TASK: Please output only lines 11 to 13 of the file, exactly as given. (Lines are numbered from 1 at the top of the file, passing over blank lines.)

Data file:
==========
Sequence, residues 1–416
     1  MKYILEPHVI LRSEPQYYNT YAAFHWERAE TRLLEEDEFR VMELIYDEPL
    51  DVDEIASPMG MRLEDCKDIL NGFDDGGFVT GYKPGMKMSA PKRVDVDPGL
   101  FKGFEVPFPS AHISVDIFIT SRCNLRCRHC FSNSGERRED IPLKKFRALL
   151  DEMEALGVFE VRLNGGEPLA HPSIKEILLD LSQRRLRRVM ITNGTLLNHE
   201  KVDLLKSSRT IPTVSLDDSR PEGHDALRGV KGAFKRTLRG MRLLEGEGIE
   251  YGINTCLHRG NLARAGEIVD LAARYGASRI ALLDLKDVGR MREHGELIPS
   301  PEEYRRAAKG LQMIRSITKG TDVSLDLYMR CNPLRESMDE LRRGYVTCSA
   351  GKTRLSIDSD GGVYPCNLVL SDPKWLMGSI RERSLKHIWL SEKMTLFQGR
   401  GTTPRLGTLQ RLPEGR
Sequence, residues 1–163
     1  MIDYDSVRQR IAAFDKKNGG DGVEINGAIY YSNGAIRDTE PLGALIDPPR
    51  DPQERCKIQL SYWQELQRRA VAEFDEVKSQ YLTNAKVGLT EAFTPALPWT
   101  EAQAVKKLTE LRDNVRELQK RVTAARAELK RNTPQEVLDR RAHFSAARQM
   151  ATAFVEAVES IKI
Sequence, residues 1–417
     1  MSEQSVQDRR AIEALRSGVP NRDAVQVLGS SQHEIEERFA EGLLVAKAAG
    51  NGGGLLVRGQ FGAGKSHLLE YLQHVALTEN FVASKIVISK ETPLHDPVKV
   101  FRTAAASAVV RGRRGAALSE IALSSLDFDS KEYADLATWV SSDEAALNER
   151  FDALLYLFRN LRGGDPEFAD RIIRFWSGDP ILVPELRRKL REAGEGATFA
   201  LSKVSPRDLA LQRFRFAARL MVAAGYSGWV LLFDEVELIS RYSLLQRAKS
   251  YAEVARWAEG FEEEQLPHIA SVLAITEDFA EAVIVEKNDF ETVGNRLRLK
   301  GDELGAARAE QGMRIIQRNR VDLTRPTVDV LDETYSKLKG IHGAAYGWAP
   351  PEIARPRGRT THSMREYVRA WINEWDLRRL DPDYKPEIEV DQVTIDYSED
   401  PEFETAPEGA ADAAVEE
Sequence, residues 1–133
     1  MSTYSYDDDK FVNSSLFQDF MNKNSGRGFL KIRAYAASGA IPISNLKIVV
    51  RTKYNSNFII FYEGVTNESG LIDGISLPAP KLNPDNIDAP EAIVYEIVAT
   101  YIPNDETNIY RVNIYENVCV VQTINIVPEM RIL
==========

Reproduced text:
Sequence, residues 1–163
     1  MIDYDSVRQR IAAFDKKNGG DGVEINGAIY YSNGAIRDTE PLGALIDPPR
    51  DPQERCKIQL SYWQELQRRA VAEFDEVKSQ YLTNAKVGLT EAFTPALPWT